By Barry Tucker 9 August, 2013
The assumption, and the fear of many, is that biased news coverage can influence the outcome of an election. But is this a fact?
In Australia (which has been in election campaign mode since the drawn election and hung parliament of 2010), the Left worries that the obvious bias of Rupert Murdoch’s News Corp will end Labor’s reign.
There’s no doubt about Murdoch’s preference:
There is no shortage of evidence of biased news reporting elsewhere in this resource centre and in my blog The Sniper. It’s my belief that opinion polls are influenced by bias in the news media; where else would people get the information on which to base their opinions?
Bronwen Clune has been able to devote some time to researching the question of whether Murdoch or any other news empire or medium can influence an election outcome. She wrote about it in an article for the Guardian Au.
Ms Clune’s profile as it appears in the Guardian:
Bronwen Clune is a journalist and writer. She is vice-president of the Public Interest Journalism Foundation and currently works as digital director at Margaret Gee’s Media Guide. You can find her on Twitter @bronwen
Two days before Ms Clune’s article appeared, the Brisbane Times website (Fairfax Media) ran an opinion piece by Jonathan Holmes, the former presenter of ABC TV’s Media Watch.
The headline was: Knives out for Rudd, but what’s in it for Rupert?
And the sub-head read: Murdoch has the power to influence an Australian election. And it might be for reasons you’re not expecting.
The caption, under a mug shot of Rupert Murdoch, was: Rupert Murdoch: why does he hate Rudd?
Those three items were most likely the work of the website sub-editor, not Mr Holmes. Last time I checked, the story had attracted 321 comments.
Mr Holmes refers to The Daily Telegraph’s page 1 coverage of Labor since the election campaign was officially begun last Sunday, 4 August:
No one who has even been glancing at The Daily Telegraph over the past year or so could have been surprised. Ever since Paul ”Boris” Whittaker took over as editor, the Tele has been going for the Gillard government boots and all.
But to lead off its election coverage with so savage an editorial kick at the Prime Minister’s head is going it a bit, even for Boris. Especially as the PM is not Julia Gillard, whom most of the Tele’s readership long ago decided they couldn’t stomach, but Kevin Rudd, for whom many in Sydney still have a soft spot.
He was referring to cartoonised depictions of Labor Prime Minister Kevin Rudd, colleagues and suspended member Craig Thomson as Nazis one day and clowns the next.
It is obvious to anyone who tracks News Corp’s political reporting in any of its newspapers, websites, radio allies, Sky, Foxtel, Ch10 or 10’s Meet the Press or The Bolt Report that there is an overwhelming bias against Labor — regardless of who is the Labor PM. It was Rudd, then Gillard, then Rudd and the bias is still there.
There has been a slight backlash to the recent election coverage of The Daily Telegraph, especially its page 1 cartoons and blatant bias against Labor. See: Newsagents refuse to sell Murdoch’s Telegraph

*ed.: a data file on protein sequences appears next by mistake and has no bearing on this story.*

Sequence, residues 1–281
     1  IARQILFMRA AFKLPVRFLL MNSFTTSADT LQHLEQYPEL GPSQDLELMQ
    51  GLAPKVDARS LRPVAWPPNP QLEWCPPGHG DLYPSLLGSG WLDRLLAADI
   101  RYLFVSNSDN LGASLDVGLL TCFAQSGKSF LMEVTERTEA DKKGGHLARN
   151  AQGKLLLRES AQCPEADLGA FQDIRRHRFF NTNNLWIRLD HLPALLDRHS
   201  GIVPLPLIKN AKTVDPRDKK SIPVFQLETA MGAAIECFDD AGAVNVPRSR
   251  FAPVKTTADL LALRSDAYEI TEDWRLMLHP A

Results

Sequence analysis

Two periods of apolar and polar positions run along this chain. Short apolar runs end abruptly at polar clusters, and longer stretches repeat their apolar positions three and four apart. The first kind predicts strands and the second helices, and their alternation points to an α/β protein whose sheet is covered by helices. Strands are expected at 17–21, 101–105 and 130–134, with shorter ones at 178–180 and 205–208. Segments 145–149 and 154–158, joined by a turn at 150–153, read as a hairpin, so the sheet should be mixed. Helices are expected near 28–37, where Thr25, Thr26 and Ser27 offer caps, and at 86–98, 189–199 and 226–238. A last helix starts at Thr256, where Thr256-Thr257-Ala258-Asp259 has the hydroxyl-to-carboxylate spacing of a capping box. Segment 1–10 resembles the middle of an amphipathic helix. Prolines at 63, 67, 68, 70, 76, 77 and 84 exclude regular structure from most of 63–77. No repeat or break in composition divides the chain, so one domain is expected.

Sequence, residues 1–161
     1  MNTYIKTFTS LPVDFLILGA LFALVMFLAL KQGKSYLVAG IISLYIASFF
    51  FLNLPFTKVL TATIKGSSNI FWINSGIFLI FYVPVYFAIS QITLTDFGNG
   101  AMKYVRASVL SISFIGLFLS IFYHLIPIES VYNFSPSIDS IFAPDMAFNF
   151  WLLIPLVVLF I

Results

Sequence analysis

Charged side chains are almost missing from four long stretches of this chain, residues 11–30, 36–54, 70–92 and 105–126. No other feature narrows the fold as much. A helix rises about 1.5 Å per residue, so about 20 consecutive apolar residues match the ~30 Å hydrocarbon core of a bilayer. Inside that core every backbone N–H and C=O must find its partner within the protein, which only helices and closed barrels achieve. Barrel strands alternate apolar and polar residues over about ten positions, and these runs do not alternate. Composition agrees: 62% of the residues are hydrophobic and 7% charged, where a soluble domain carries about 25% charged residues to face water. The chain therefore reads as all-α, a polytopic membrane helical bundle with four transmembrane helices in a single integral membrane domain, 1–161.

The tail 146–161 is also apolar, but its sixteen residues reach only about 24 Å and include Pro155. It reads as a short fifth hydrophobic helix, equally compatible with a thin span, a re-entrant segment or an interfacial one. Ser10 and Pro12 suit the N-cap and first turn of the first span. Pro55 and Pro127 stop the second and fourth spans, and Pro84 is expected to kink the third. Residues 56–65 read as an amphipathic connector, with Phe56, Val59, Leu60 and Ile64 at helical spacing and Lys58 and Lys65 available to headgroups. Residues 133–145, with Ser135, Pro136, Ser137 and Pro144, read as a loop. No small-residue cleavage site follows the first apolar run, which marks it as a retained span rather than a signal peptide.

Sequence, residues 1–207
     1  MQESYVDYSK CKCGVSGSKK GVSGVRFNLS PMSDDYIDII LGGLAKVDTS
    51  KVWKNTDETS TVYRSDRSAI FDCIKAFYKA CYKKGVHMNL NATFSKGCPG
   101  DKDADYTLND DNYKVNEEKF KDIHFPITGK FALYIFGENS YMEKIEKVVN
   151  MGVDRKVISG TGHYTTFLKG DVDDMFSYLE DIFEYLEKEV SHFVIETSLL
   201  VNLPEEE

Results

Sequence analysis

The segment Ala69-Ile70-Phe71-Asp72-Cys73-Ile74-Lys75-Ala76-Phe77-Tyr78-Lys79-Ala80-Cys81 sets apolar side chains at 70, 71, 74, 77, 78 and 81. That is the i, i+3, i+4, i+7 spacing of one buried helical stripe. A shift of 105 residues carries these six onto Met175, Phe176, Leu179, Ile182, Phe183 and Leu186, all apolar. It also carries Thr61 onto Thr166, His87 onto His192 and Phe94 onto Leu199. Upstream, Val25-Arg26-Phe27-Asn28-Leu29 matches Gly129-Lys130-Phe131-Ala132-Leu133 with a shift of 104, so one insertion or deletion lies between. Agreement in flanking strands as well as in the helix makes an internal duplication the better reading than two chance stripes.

Former ABC Media Watch presenter Jonathan Holmes agrees with some others that both versions of the National Broadband Network now under construction (Labor’s expensive all-fibre model and the Coalition’s cheaper fibre to the street corner, or node FTTN) pose a threat to Murdoch’s Foxtel dominance.
However, Mr Holmes discredits the theory that there’s a “quid pro quo” (or deal) in Murdoch’s support for the Coalition and denigration of Labor. He thinks Murdoch fancies himself as a king maker and is simply playing politics by backing Conservatives and ranting against unions. This overlooks the fact that Murdoch backed Labor Prime Ministers Gough Whitlam and Kevin Rudd — before turning on them when he didn’t get what he wanted in commercial rather than political terms.
One thing Murdoch wanted from Mr Whitlam was the position of High Commissioner in London. You could argue that would be a political advantage, but it would certainly enhance his commercial prospects. It would also have enticed some respect from the British, something which until now, and probably for ever in the wake of the phone hacking scandal, they have denied him.
In my opinion there is more to this than anyone has been able to expose or is willing to put into print. I guess we will only know the truth, determined by what happens next, after the election — regardless of who wins.
Meanwhile, you can read Mr Holmes’ story in full.
After you have done that, you might like to read Jonathan Green’s article on the ABC’s The Drum online. Mr Green argues that it is doubtful if recent shrieking front page “cartoons” ridiculing Labor MPs and candidates have any effect on voters.
He says it comes down to a matter of trust, and adds that trust appears to be declining along with sales of Murdoch’s products — a likelihood that I pointed out some time ago.